Choo-choo, here comes the nostalgia train right down memory lane (no lie, I have literally driven down Memory Lane). As I prepare to move from a nice little apartment to a slightly larger condo, the packing process happened to include the transportation of my library of games for a variety of systems.
As other hoarder– err… hobbyists and collectors know, packing up books and games and things is a disaster and takes forever because every thirty seconds it’s, “Oh look! I remember this one! Damn, that was a good one. Let’s just open it up and reminisce for awhile…” I just love replaying old games. It saves money, makes it easier to ignore the Steam backlog, and so many great games just need to be remembered!
Some games, on the other hand, received only a rueful chuckle at best before being tossed unceremoniously into the shipping bin. Here’s to 2013 and its games I’ll never play again.
Time and Eternity
Look, don’t get me wrong. I loved Time and Eternity. I still listen to the soundtrack, but, as far as replayability goes, it’s not very high on the list – or at all.
Toki to Towa, as the game was titled in Japan, tells a hilarious story. It has great music. And when you’re done, you’re done. ‘Nuff said. Its narrative and characters are endearing, but not at the level that merits a replay beyond what’s necessary to see everything.
Cap it off with a battle system that isn’t what one would even jokingly call “difficult,” and Time and Eternity cements itself as a memorable title of 2013. And in 2013 it shall stay.
Wait, what? How can a game of the year contender (and winner, for many) be in this article? Well, the sad fat truth is that I didn’t really enjoy Infinite as much as its fans did, apparently. Sure, it was very enjoyable and twisty and fun and crazy. It was maybe even worth a second playthrough, in the way that the film Memento could use a second watch.
However, BioShock Infinite for me was a pretty good “one and done” game. Again, the experience was definitely unforgettable. Perhaps that’s one of the reasons why I won’t return; it’s not that the story wasn’t compelling, only that the magic of the game lies not in the telling but the visceral feel of playing it for the first time.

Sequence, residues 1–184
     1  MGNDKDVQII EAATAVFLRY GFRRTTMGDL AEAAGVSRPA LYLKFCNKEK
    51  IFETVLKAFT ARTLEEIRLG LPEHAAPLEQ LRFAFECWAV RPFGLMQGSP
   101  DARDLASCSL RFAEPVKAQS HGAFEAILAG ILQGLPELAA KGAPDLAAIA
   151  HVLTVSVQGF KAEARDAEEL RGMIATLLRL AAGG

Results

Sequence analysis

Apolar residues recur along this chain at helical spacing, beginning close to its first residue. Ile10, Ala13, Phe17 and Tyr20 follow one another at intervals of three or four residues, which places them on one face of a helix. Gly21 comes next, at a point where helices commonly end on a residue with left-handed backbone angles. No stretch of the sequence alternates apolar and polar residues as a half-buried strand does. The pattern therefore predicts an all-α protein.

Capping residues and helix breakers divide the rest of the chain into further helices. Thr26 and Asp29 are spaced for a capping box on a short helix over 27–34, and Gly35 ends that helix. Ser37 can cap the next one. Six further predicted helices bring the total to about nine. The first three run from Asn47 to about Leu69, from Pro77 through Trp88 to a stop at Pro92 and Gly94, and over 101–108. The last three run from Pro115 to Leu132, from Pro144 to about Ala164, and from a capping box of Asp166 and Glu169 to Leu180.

Tales of Xillia
Of the games on this list and those not getting mentioned, this one is the one true sore spot for me. I expected so much from this game. Yes, I know this was dumb of me (#sorrynotsorry), but I got caught up in the hype and the expectations that a truly good Tales game – one to finally succeed Tales of the Abyss, my personal favorite – would be released for the PS3. I was wrong. Not only was it kind of short, but it was easy. Very easy.
The story, of course, was at least fair. Characters like Milla Maxwell and Jude were a ton of fun to see interact, and the Tales tradition of the party members holding incidental conversations was enhanced by uncontrollable snippets from the party as the player travelled, making for a truly immersive experience. When it was done though, it was done. It left a somewhat unpleasand aftertaste, overall. Rather than revisit the game again from another character’s perspective, I shall allow this one to collect some dust and think about what it’s done.
These are the big ones that stood out to me as I packed my boxes and bins this afternoon. I have no regrets nor hard feelings; these games shall continue to stand proudly on display at my library’s new location, and I look to 2014 with hope for the good things to come. Now, if you’ll excuse me, I think I’ll crack open Star Ocean: the Last Hope for the third time.